Years of experience were found to have a significant negative correlation with stress among dentists in the current study. Similarly, few previous studies [29, 30] found a negative relationship between dentists’ years of experience and stress. According to our study, the mean PSS scores have declined with more years of experience and increased with fewer years of experience. These findings are consistent with the findings of a study by Maroof, which identified a similar scenario of Pakistani health care workers based on work experience [31]. In 2002, Newbury-Birch explained the reasons that fear of making mistakes and workload causes stress in dentists’ initial years of practice [32].

Although, the mean score of stress appeared marginally lower for specialists than non-specialists in our study, the difference in mean score was not significant. Likewise, in a Romanian study, both specialists and non-specialist dentists were equally stressed out [27]. Reduced stress level amongst specialist dentists in the current study possibly explains that the specialist training and post-graduation promote to a higher rank job with increased pay, thereby contributing to stress reduction.

According to the current study, working at a junior level is associated with stress. House officers and post-graduate trainees exhibit higher stress levels than Assistant Professor, Associate Professors, and Professors. These results are in agreement with a study by Alkindi, in which senior dental specialists were less mentally stressed than post-graduate trainees [19]. Thus, it leads to an evidence that senior dentists experience less stress due to their postgraduate education, since it qualifies them for a higher designation and a higher salary. In addition to that, the dual role of teaching and clinical practice has been previously considered a means of reducing work-related stress in dentists [33].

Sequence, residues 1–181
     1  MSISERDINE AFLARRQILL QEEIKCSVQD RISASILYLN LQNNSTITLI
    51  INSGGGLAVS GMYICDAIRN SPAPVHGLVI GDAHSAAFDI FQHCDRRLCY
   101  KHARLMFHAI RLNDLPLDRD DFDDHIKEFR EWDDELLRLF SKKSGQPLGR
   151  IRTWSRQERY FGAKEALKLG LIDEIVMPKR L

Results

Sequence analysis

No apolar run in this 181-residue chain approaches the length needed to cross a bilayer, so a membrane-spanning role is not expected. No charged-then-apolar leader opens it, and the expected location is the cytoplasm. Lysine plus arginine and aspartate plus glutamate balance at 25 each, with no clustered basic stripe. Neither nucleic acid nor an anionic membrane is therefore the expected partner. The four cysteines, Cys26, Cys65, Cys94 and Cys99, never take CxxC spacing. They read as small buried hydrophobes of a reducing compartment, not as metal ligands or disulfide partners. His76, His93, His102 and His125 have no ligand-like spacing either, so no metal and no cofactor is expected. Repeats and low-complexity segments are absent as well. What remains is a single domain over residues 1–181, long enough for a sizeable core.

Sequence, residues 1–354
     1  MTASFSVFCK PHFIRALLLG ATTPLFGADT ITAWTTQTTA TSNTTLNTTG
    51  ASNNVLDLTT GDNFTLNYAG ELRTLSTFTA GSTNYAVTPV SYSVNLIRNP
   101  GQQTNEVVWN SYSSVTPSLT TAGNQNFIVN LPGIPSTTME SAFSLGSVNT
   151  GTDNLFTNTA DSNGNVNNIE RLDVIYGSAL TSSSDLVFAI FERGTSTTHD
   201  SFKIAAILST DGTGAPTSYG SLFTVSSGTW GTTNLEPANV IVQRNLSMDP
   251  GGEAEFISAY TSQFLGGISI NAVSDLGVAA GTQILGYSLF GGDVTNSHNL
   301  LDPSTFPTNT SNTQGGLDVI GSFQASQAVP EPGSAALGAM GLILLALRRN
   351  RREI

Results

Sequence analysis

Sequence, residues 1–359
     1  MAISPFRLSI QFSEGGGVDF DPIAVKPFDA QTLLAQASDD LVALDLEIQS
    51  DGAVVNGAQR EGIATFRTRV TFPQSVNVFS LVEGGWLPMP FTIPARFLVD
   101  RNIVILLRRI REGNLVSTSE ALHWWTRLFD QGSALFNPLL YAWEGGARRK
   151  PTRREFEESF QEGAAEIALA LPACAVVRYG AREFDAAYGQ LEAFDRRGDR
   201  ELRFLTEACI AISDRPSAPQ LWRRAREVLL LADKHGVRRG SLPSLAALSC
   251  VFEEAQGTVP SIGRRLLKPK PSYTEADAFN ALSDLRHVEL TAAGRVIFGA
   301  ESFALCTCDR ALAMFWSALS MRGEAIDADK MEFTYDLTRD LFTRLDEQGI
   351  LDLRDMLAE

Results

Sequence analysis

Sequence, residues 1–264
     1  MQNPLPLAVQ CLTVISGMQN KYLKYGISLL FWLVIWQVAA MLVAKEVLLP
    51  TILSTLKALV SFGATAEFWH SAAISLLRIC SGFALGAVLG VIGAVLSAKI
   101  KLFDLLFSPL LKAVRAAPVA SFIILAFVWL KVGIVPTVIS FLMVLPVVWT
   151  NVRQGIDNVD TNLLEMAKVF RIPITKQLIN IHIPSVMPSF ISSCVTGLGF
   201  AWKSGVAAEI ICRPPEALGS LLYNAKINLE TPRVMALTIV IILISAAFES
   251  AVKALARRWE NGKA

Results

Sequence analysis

The authors believe that the present study is the first one in Pakistan to investigate a novel aspect of reduced stress related to age and professional standing. Although, the area is noteworthy and requires dental professionals' input to discuss the issue of stress in dentistry, hesitation in participation in the study, mainly from senior and older dentists has been observed by the researcher. One of the main limitations of the present study recognised by the authors is a small sample size, particularly low numbers of older participants, which has restricted the authors from improving the generalisation of the study. An additional file of complete data set shows small numbers of senior dentists [see Additional file 2]. Few studies on Pakistani dentists were available to compare the results. However, this supports the authors’ claim that the current study is a new one in Pakistan which has explored the association of stress with demographic and professional backgrounds.